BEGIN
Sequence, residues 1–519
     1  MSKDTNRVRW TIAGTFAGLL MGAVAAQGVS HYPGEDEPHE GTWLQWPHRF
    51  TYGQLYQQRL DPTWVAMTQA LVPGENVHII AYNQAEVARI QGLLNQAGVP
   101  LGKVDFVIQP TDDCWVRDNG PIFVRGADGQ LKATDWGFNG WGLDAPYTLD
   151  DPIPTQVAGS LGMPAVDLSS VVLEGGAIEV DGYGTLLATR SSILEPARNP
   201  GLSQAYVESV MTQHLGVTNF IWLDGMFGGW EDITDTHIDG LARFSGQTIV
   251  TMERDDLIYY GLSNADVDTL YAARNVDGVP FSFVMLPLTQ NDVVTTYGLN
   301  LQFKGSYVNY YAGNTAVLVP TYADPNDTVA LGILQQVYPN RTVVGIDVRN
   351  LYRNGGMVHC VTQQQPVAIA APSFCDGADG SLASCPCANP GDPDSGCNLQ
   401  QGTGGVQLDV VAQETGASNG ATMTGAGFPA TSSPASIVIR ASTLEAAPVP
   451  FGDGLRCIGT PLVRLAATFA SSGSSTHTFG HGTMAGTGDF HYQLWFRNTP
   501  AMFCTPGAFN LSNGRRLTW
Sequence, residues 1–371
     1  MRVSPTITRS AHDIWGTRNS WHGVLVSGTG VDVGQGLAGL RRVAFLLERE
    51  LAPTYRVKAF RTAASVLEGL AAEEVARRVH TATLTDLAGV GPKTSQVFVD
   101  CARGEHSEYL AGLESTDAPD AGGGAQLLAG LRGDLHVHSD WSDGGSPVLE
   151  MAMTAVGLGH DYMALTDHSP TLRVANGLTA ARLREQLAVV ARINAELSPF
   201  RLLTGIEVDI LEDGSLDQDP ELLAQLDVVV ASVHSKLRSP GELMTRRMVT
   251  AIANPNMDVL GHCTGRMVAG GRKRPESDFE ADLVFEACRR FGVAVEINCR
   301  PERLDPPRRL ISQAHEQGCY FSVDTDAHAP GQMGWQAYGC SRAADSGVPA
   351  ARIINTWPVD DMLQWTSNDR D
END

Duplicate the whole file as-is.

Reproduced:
Sequence, residues 1–519
     1  MSKDTNRVRW TIAGTFAGLL MGAVAAQGVS HYPGEDEPHE GTWLQWPHRF
    51  TYGQLYQQRL DPTWVAMTQA LVPGENVHII AYNQAEVARI QGLLNQAGVP
   101  LGKVDFVIQP TDDCWVRDNG PIFVRGADGQ LKATDWGFNG WGLDAPYTLD
   151  DPIPTQVAGS LGMPAVDLSS VVLEGGAIEV DGYGTLLATR SSILEPARNP
   201  GLSQAYVESV MTQHLGVTNF IWLDGMFGGW EDITDTHIDG LARFSGQTIV
   251  TMERDDLIYY GLSNADVDTL YAARNVDGVP FSFVMLPLTQ NDVVTTYGLN
   301  LQFKGSYVNY YAGNTAVLVP TYADPNDTVA LGILQQVYPN RTVVGIDVRN
   351  LYRNGGMVHC VTQQQPVAIA APSFCDGADG SLASCPCANP GDPDSGCNLQ
   401  QGTGGVQLDV VAQETGASNG ATMTGAGFPA TSSPASIVIR ASTLEAAPVP
   451  FGDGLRCIGT PLVRLAATFA SSGSSTHTFG HGTMAGTGDF HYQLWFRNTP
   501  AMFCTPGAFN LSNGRRLTW
Sequence, residues 1–371
     1  MRVSPTITRS AHDIWGTRNS WHGVLVSGTG VDVGQGLAGL RRVAFLLERE
    51  LAPTYRVKAF RTAASVLEGL AAEEVARRVH TATLTDLAGV GPKTSQVFVD
   101  CARGEHSEYL AGLESTDAPD AGGGAQLLAG LRGDLHVHSD WSDGGSPVLE
   151  MAMTAVGLGH DYMALTDHSP TLRVANGLTA ARLREQLAVV ARINAELSPF
   201  RLLTGIEVDI LEDGSLDQDP ELLAQLDVVV ASVHSKLRSP GELMTRRMVT
   251  AIANPNMDVL GHCTGRMVAG GRKRPESDFE ADLVFEACRR FGVAVEINCR
   301  PERLDPPRRL ISQAHEQGCY FSVDTDAHAP GQMGWQAYGC SRAADSGVPA
   351  ARIINTWPVD DMLQWTSNDR D